Though “For Services Rendered” isn’t exactly a great episode of television – constructed around Setrakian’s idiot plan to nail Eichorst in Grand freakin’ Central Station, it really can’t be – it certainly takes a few steps in the right direction, the most obvious of which is people in New York slowly realizing that their cell phones don’t work, and weird things with “six-foot frog tongues, yo” (Gus, always so eloquent) are running around the city murdering people. At the very least, things are starting to happen on The Strain, which means we can move away from the terrible character-based material, and into the slightly-less-worrisome plot of eclipses, vampires, and the threat of new world order.
Still, a lot of “For Services Rendered” is set up for the future: Jim is still being verbally assaulted by both Eichorst and Eph, throwing into question the “I’ll do anything for my wife” statement he made previously. He knows helping Eph is going to get his wife killed – he’s literally been told this in previous episodes, but it doesn’t stop him from playing both sides of the fence, driving Gus and his stereotypical overweight/religious Mexican friend to dispose of a tentacle-laden body, if only to destroy the credibility of Eph even further. A dramatic wild card is always interesting: but with Jim, it feels like the show’s setting him up for some kind of noble death in the future, even though it’s not one his soft, flip-flopping character really deserves.
The one character who the show’s gone lengths to improve is Eph – or maybe I just like seeing him unable to convince anyone of the things he’s seen and done, be it the FBI (who wants him for “murdering” the plane pilot) or his own ex-wife, who suddenly isn’t so sure she wants to be an ex of the crazy Dr. Goodweather anymore (at least it seems that way, doesn’t it?). Watching a series of scenes where Eph spits all this gibberish about vampires and contagions and getting out of the city, the more an audience is able to believe in the gravity of the situation: vampires are taking over the city, and thanks to the fact that vampires are fictional entities in this reality, nobody believes it (though one would think they’d notice the lawyer’s darkened eyes on national television, no?). Sure, it’s only a slight twist on the classic “righteous, flawed protagonist who isn’t crying wolf” trope, but it’s effective in both giving logi to the world The Strain is set in, and FINALLY gives us a reason to cheer for good ol’, kind-of-not-really-single-but-still-wishes-he-was-married Dr. Eph.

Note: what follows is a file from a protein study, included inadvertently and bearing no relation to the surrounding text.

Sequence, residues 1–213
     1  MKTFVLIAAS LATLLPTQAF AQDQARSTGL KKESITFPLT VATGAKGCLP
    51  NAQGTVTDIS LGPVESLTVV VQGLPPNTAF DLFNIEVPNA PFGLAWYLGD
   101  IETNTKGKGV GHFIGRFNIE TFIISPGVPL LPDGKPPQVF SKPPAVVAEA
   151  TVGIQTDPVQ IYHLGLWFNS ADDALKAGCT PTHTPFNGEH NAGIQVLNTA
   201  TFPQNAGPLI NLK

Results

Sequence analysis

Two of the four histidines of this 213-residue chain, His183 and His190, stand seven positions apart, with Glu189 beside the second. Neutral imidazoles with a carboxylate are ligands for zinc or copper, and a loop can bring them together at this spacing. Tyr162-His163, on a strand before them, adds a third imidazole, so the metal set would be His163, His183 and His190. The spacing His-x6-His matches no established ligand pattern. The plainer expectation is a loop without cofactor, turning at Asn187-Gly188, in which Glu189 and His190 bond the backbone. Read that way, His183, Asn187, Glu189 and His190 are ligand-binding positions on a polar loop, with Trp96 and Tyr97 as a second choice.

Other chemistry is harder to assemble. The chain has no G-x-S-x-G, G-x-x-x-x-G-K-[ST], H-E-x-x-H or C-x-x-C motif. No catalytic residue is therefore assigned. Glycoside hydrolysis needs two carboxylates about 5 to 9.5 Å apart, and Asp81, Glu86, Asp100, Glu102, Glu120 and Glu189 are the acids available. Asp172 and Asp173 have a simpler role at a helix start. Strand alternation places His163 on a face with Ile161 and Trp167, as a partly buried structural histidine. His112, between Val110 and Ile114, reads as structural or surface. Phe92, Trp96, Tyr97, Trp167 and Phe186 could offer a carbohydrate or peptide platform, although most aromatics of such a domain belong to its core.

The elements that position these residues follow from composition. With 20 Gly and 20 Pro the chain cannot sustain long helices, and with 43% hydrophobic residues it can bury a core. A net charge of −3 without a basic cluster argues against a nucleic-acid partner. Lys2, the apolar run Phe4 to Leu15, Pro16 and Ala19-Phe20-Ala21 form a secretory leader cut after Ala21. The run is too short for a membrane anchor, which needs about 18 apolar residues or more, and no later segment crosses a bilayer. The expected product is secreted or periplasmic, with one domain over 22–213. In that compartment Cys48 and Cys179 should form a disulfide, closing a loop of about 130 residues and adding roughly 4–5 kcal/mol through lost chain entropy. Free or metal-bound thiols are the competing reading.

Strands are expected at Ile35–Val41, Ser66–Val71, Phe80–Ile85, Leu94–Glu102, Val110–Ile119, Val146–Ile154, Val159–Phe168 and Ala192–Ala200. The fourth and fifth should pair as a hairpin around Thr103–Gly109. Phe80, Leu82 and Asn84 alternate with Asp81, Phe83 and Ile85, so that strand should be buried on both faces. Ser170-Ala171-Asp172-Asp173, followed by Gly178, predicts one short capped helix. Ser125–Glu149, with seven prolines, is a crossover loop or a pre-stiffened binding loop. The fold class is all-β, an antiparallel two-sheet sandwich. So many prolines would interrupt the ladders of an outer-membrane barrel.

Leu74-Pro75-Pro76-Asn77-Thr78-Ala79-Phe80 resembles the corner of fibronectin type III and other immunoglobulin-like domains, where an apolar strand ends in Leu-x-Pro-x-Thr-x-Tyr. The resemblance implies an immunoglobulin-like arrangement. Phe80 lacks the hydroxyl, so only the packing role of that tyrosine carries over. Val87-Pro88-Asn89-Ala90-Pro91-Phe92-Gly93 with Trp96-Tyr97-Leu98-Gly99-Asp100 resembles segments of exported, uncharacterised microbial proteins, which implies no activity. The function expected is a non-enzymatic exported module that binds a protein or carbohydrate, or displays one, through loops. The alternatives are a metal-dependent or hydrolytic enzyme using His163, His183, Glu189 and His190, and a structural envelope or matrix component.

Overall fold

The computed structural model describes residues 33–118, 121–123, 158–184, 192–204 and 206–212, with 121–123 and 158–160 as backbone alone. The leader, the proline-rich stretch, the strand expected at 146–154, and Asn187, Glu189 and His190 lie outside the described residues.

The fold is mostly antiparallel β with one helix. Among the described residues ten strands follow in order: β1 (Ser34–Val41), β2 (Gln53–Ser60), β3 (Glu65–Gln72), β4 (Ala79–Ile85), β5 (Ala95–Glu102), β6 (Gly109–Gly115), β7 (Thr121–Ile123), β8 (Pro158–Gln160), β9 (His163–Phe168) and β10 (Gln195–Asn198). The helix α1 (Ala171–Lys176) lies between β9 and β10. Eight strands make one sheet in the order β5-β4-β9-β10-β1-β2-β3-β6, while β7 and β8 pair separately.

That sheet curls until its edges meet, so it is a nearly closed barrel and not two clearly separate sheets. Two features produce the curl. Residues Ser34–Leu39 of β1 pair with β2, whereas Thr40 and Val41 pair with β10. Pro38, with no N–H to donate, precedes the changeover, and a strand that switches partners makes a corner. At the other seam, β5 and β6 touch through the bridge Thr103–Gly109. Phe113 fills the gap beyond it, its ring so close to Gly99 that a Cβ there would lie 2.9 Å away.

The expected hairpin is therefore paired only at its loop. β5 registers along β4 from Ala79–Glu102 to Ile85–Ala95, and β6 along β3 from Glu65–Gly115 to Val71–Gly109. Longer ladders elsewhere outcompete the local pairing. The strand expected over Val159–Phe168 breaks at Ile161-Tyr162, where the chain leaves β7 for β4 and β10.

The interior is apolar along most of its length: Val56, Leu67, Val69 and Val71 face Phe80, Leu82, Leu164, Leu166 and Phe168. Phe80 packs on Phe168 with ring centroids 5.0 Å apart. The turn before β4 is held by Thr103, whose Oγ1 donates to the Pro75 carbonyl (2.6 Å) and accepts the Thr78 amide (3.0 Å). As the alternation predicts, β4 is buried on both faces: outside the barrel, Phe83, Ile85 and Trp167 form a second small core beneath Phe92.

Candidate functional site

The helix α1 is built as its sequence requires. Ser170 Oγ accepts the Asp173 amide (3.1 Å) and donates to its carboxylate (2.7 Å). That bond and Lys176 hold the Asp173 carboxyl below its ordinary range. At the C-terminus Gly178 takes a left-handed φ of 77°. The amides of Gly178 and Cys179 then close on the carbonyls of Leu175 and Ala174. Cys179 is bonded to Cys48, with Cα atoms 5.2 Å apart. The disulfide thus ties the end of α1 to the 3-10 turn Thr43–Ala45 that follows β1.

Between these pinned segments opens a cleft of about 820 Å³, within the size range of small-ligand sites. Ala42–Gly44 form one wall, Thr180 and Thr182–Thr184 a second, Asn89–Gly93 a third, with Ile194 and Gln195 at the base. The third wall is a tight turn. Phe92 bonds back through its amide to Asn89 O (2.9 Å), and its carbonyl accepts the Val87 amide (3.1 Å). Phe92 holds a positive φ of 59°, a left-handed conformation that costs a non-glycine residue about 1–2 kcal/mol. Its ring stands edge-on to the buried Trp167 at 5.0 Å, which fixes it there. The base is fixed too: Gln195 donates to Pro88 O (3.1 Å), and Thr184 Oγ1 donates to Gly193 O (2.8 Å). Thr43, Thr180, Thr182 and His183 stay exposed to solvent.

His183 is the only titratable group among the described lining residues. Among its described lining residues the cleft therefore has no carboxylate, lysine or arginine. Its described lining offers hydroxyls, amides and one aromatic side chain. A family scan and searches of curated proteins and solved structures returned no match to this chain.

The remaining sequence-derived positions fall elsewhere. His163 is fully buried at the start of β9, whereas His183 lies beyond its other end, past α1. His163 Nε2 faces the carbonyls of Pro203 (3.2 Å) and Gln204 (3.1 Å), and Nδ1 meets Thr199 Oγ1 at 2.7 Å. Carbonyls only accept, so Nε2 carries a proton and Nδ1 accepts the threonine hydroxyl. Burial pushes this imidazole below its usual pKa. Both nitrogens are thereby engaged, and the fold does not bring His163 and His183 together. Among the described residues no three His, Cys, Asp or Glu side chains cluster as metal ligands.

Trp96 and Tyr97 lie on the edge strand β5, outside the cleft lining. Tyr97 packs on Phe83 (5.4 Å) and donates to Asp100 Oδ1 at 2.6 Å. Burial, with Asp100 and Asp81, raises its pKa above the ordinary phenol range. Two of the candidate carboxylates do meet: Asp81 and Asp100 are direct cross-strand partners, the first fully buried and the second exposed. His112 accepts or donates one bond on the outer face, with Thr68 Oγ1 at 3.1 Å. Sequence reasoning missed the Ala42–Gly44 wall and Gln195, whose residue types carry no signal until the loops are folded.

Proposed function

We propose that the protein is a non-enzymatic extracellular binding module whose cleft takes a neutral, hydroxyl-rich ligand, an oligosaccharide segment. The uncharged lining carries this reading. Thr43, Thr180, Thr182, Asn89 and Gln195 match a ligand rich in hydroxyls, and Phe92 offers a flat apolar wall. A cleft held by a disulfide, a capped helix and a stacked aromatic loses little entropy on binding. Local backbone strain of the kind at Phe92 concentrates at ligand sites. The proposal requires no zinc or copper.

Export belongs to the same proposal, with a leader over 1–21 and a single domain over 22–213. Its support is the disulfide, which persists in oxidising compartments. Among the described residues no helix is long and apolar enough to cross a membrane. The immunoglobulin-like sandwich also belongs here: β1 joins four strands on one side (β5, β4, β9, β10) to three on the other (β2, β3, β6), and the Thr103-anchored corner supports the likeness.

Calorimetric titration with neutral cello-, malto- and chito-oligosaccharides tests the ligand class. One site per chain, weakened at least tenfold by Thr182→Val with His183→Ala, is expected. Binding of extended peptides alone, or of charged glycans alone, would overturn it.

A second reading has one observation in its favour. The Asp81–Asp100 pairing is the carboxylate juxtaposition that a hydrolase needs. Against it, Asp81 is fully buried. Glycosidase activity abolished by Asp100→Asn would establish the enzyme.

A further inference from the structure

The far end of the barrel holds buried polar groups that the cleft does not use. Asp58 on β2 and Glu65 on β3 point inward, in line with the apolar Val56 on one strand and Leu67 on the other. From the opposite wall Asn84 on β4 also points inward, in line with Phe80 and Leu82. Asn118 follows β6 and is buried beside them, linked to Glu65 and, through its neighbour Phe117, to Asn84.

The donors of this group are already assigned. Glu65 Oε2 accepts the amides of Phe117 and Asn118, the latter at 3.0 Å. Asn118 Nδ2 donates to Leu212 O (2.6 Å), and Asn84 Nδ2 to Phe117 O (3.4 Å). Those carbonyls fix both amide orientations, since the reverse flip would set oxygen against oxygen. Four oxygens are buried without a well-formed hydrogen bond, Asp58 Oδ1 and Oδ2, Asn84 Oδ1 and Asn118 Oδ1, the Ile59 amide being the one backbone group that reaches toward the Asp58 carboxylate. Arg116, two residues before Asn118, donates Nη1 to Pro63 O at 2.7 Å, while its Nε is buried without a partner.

Unfortunately, there are parts of “For Services Rendered” that bogs down some of the interesting parts: watching minority characters do either the most stereotypical things possible (Gus remains a rampant stereotype, even though he “doesn’t do drugs”… the way he wears his fake hospital scrubs is just appalling), or the dumbest things imaginable (why is the babysitter bringing those kids back to their parents’ house???). Even Eichorst isn’t able to escape this trap, running off at the mouth with the same tired Nazi schtick we’ve heard/seen in so much media after seventy years: the cruel Nazi who murdered innocent people for no reason, while saying the word “Jew” as often as possible,with as much hatred as possible. Try as the show might with flashbacks, the relationship between Eichorst and Setrakian works better without the historical context: as one man trying to prevent the evil of the other (and The Master, the greater evil lying behind Eichorst), the cat-and-mouse game being played by these two men provides some of the most entertaining material of the show.
Again, this doesn’t automatically make The Strain must-watch television: but seeing these small improvements crop up during the last two episodes gives me a glimmer of hope for the recently-announced second season set to air next year. There may only be a few of them, but there are interesting storytelling avenues opening up for the show as the eclipse sets into New York, and The Master’s very, very, very well-thought out plan for world domination (or at least, domination of the city) begins coming into play. There’s still a lot of kinks to work out (like how dumbed-down its characters and their mental capacities can be sometimes), but with at least another 19 episodes to go, there’s plenty of time for The Strain to perfect its craft as it slowly elevates itself above Under the Dome-goofiness (and with next week’s episode being penned by co-creator Chuck Hogan, that time could be sooner rather than later).
[Photo via FX]